In the mid 1800s, the Texas Rangers developed the Ranger Belt. It was designed so that they could carry a large, heavy sidearm, usually the Colt Walker, which had a holster that required a wide belt.
Prior to this, the Rangers carried long guns and belts were not commonly used.
From True West Magazine: “The six-gun’s heft made impractical the common practice of stuffing a pistol into the waistband of the bearer’s pants, or into a cloth sash tied around the waist or hips meant to secure pistols, knives and other means of self-defense. Belts were not in common use at the time as pants were high-waisted and tightened with a cinch at the back, or supported with suspenders over the wearer’s shoulders. Thus, these Colts were carried in holsters mounted on saddles.”
By making a wide stiff belt but with narrower, more flexible billet straps in the front, the holster and heavy gun would be supported but the fastening of the belt would be easier. Because of the wide belt underneath the billets, the belt could be tightened without pinching because of the protective underlayer.
The belt design employed the same technique used for tightening horse cinches without pinching.
A more modern variation of the Ranger Belt is the Tapered Belt that starts with a standard belt and tapers the buckle end and the tip end to a narrower width, usually 3/4″
The Ranger Belt or Tapered Belt will allow easy change if they come with 3 sets of snaps, one to attach the buckle and one each for the two keepers.
To set the tip, simply punch a hole in the leather in alignment with the position of the peg in the tip and slip the leather in, lock it in place. The 1-3 series below uses the scrap leather than comes with the set to show how it is done. Photo #4 below shows a finished belt tip.
The term Seafoam Turquoise does not refer to a mine or location where certain turquoise is found.
Rather it refers to two visual characteristics that turquoise nuggets might have. The turquoise could come from any number of mines.
Seafoam refers to both color and shape.
Here is a slide show with examples of the color seafoam, used to describe interior paint, linens and clothing among other things. Although the colors vary, you can see the sea in all of them!
Below is what the shape of seafoam can look like, but it varies considerably. It is meant to look like the configuration of bubbling foam at the seaside, so bumpy turquoise in the seafoam color.
For beads, the nuggets are not cut, but left in their natural shape.
If to be mounted such as on the vintage necklace below, the back of the seafoam nugget is flattened but the top is left bumpy.
I love snake eye jewelry and when I use the term I have found that even long-time Native American jewelry enthusiasts don’t know what I mean.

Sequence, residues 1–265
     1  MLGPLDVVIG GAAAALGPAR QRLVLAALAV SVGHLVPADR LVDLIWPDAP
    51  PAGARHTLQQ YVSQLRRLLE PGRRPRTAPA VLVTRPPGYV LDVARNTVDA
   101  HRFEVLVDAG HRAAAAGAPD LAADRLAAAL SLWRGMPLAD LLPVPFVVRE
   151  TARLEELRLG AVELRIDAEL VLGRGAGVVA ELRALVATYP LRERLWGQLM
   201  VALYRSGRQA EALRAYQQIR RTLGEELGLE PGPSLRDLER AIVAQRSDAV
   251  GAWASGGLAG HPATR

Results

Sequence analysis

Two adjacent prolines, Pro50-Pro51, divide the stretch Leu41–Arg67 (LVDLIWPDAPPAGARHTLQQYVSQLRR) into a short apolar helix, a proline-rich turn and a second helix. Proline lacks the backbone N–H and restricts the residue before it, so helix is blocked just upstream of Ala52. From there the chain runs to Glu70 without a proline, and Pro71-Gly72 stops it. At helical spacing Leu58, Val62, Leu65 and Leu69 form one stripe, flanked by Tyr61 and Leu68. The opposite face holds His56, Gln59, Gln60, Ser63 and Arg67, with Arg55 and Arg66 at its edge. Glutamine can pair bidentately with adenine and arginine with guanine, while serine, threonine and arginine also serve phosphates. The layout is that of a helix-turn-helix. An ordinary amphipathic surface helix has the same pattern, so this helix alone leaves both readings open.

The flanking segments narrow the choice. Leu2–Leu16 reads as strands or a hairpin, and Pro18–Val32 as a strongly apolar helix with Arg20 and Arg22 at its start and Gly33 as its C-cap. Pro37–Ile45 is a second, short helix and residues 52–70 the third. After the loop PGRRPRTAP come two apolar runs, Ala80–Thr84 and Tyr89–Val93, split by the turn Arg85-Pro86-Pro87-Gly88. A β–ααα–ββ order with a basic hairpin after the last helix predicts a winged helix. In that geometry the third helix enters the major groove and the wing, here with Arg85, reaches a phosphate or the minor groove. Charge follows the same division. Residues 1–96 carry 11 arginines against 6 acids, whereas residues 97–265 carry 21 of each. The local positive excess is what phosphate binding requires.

Snake eye is a technique of setting very small spherical pieces of turquoise. It is somewhat related to petit point and needle point but different in shape and much smaller.
Although these techniques began with Zuni artists around 1930-1940, today they are associated with both Zuni and Navajo jewelers.
All 3 techniques use cabochons, which are small stones that have been rounded on top (not faceted) and polished. It is the shape that differs.
Here is where a picture is worth a thousand words. Some examples……..first of PETIT POINT – teardrop shaped – round on one end, pointed on the other.
NOW ON TO NEEDLEPOINT – long and narrow, pointed on both ends.
And finally to SNAKE EYE – the reason for this post in the first place. Spherical. These can range from small to tiny. Here are several examples of snake eye jewelry in various sizes.
So now that you are an expert, what would you call the ones in the photos below?
What mine is this turquoise from?
If I had a nickel for every time I have been asked that question or have seen someone ask it on a group or forum, well, if I saved up all those nickels, I might be able to buy one of these gorgeous pieces !!
But seriously, people want to know. And the answer is……… Sometimes it is fairly straightforward and sometimes the difference between stones from various mines is a bit more fuzzy.
I have seen trays of stones from one particular mine, for example Bisbee below, that range widely in color, matrix, density and hardness – from blue to green and everything in between, with honey to black matrix and from somewhat crumbly to super hard.
With that said, there are certain mines that tend to produce stones that have a certain LOOK to them and can be identified with a fair degree of certainty.
Here is a vintage Bisbee bracelet – gorgeous stones. Note how one has turned a little green over the years – this is one sign of a natural turquoise stone as it ages………or it could have been a little greener stone to start with.
Bisbee turquoise was a by-product of copper mining near Bisbee, Arizona. It is known mainly for its brilliant blue color and smoky webbing. Bisbee turquoise was found at all levels of the copper mine from 100 to 2000 feet and the quality and coloration varies widely from layer to layer. Often the stones have a matrix of brown, gray or black, but clear stones of blues and greens have also come from the Bisbee mine. There was never that much turquoise mined in Bisbee to begin with and now the mine is closed. What remains today is in the hands of old miners and long-time collectors. Because of its hardness, quality and scarcity Bisbee turquoise is one of the most valued turquoise in the world today.